Minnesota Horror: Woman Suffers Severe Injuries in Bear Attack

bear attack

A woman in Minnesota was seriously wounded in a black bear attack, state officials reported on Saturday.

The woman was residing at a cabin near Gull Lake when she let her dog out early Friday morning, according to a statement from the state’s Department of Natural Resources (DNR). She stepped outside to check on her pet and was assaulted. The bear swiped at the woman, “hitting her in multiple areas,” before departing the scene, the DNR stated.

The woman was transported to a hospital for medical attention and has since been discharged.

Prior to the incident, there were no records of bear activity in the vicinity, as per the authorities. Wildlife officials speculate that the bear was startled by the woman’s dog and attacked her in self-defense.

“Dogs and bears are a bad combination,” a department advisory warned. “Allowing dogs to chase, lunge or bark at bears is inviting trouble – don’t provoke a bear to defend itself.”

DNR officers are keeping a close watch on the area for any bears that might pose a risk to public safety, officials announced.

This incident marks the 10th serious human injury from a bear attack documented by the state’s DNR since 1987, as per the department’s records. None of the victims have lost their lives.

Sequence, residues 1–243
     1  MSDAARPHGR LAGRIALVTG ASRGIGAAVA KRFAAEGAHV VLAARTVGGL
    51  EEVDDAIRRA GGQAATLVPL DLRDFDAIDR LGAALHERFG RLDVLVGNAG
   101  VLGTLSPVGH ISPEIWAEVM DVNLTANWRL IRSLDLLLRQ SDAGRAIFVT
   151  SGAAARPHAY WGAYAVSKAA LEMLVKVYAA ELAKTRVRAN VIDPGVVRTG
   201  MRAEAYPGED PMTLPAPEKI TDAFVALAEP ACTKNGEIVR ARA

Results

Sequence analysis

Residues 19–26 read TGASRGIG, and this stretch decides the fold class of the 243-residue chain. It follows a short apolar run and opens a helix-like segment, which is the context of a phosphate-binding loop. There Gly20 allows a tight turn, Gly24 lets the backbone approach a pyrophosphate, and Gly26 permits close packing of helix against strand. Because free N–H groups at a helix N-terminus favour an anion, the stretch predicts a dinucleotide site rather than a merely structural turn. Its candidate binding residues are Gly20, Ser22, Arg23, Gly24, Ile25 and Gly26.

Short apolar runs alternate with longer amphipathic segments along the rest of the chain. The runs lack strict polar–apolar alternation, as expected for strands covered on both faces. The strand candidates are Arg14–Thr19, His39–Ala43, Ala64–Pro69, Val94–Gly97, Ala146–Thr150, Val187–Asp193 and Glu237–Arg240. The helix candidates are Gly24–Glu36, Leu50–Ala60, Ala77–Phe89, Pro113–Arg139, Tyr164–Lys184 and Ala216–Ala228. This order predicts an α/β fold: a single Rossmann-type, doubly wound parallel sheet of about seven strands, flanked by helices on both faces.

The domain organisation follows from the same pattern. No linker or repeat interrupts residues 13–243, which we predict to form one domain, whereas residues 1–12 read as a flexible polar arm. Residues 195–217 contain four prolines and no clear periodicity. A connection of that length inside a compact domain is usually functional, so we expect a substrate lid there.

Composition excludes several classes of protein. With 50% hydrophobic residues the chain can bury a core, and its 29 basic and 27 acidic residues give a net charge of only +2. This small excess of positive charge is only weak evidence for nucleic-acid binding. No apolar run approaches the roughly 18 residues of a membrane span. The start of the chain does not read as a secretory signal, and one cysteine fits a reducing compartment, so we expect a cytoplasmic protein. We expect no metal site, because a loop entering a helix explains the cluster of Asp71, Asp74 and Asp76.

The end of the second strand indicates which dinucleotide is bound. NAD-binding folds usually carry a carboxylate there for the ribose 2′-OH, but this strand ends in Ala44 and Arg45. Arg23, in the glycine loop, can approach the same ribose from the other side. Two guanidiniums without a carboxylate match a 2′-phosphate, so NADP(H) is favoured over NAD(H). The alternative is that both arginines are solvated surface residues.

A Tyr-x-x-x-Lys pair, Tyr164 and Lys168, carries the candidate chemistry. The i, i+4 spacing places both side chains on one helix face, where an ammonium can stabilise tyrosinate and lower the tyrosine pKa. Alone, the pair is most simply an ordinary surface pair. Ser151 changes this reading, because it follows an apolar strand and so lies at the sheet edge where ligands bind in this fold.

Last week in Pennsylvania, a black bear assaulted two young children while they were playing in their driveway outside their home, officials reported. The children suffered non-life-threatening injuries.

Although black bears are seldom aggressive, the DNR of Minnesota advises residents to eliminate food sources outside their homes to prevent attracting bears. If you spot a bear before it sees you, provide it with an escape route. Remain stationary, then quietly retreat. If a bear notices you, back off slowly. Running could provoke a chase. If a bear approaches you, stand your ground, wave your arms and shout until it departs. Use bear spray if the bear continues to approach.

In the event of a black bear making contact, the DNR advises not to play dead. Instead, fight back with vigor.



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